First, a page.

The history of photovoltaic devices, such as solar cells, dates back to 1876. British researcher William Grylls Adams, with help from one of his students, discovered that when selenium was exposed to light, it produced electricity. Much like those previous researchers, Wayne State’s Aaron Rury, Ph.D., also seeks to answer questions about using sunlight to power our world through fundamental scientific discoveries.
“We all know about solar cells today, but we don't think about the 50 years or more of fundamental scientific research that went into the silicon production — understanding the properties of silicon — so that you could actually formulate it into the crystalline structure and scale you need to make a solar panel,” said Rury, assistant professor in Wayne State’s Department of Chemistry. “What we are doing is extremely fundamental scientific research. We are studying something at a very basic level, and we have no idea where it will go.”
In September 2018, Rury and 30 other scientists and engineers from 24 research institutions and businesses received awards from the U.S. Air Force Office of Scientific Research (AFOSR). Each researcher submitted winning proposals through the Air Force's Young Investigator Research Program (YIP) and received a three-year grant totaling $450,000. Through this award, Rury’s project on Coherent Vibrational Spectroscopy of Charge Transfer Cavity Polaritons focuses on moving away from what he calls traditional synthetic methods to form the chemical fuels we use every day.
“We're forming new states of energy called polaritons,” Rury said. “A polariton is the sharing of energy between light particles — which are called photons — and the electrons of a molecule." Rury is using funds from the AFOSR YIP to understand how forming these polaritons changes the structure of the molecule, a key to controlling the molecule's ability to make fuels through photochemistry.
Think of it like photosynthesis, he said. Photosynthesis is a process that plant life and certain bacteria use to form chemical fuel from sunlight and other molecules lying around such as water and CO2.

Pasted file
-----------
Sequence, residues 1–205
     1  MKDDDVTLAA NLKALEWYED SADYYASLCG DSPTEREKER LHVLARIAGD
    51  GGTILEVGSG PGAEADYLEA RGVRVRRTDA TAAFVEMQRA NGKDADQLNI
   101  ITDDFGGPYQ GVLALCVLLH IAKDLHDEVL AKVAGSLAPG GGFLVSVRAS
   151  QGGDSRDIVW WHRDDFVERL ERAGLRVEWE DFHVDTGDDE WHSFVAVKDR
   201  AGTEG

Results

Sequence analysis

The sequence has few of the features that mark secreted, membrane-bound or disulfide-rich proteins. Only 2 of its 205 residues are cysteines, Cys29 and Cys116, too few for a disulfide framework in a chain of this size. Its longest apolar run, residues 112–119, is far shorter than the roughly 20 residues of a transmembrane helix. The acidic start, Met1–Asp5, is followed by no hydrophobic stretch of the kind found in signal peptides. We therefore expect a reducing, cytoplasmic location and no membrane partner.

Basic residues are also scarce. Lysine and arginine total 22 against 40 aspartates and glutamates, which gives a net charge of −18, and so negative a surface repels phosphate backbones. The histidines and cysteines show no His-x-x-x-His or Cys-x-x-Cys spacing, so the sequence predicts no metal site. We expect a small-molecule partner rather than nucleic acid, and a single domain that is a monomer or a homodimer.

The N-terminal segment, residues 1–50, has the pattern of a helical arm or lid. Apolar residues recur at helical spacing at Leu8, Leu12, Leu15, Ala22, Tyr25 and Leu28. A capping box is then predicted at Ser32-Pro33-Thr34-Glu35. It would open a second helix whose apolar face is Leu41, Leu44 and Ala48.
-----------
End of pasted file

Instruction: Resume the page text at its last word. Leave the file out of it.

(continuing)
“To break this down, the basic premise of chemistry is to form molecules that have a particular function. The way they're connected in space is what dictates what kinds of properties the molecule has,” Rury said. “Can it absorb sunlight? Can it then take that sunlight and turn it into a charged particle that can be used to do more chemistry? Those are the fundamental properties of molecules that plants use to make energy. And it's the basis for all of life on Earth.”
However, to stay alive, plants need efficient photosynthesis critically dependent on the structure of molecular subunits in their leaves. Rury points out that, unlike plants, humans don't have 1 billion years to evolve and figure out those structures if they want to copy plants' ability to use the sun to make fuels. New methods are needed to control molecular structure that enable efficient fuel production with light.
The U.S. Air Force and other federal agencies are keenly interested in all kinds of new methods to produce fuel, Rury said, because they use a lot of it. “You have to put aircraft into the air, and that takes a tremendous amount of energy. For the most part, all of that energy comes from fossil fuels,” Rury said. “And while there’s an abundance of fossil fuels in the United States, it's not an infinite amount.”
The Air Force's Young Investigator Research Award is given to researchers who show an exceptional ability and promise for conducting basic research of military interests. The program’s objective is to foster creative basic research in science and engineering, enhance early career development of outstanding young investigators, and increase opportunities for young investigators to recognize the Air Force mission and the related challenges in science and engineering.
Rury is using the AFOSR YIP award to train graduate and undergraduate students to answer these questions through fundamental scientific research. And the Air Force is looking forward to potential possibilities those answers will enable in the real world.
“With this award, we want to understand how does this process of charge formation and charge separation, following light absorption, change when you form these polaritons,” Rury said. “Can we control the structure of the molecule to such an extent using the polaritons that we can enhance the separation of charge in an excited state after it absorbs sunlight? Can we inhibit the formation of another excited state product that we don't want? Do we get new levels of control in getting the property we want versus traditional, synthetic chemistry where you cook something in a beaker for a long time?”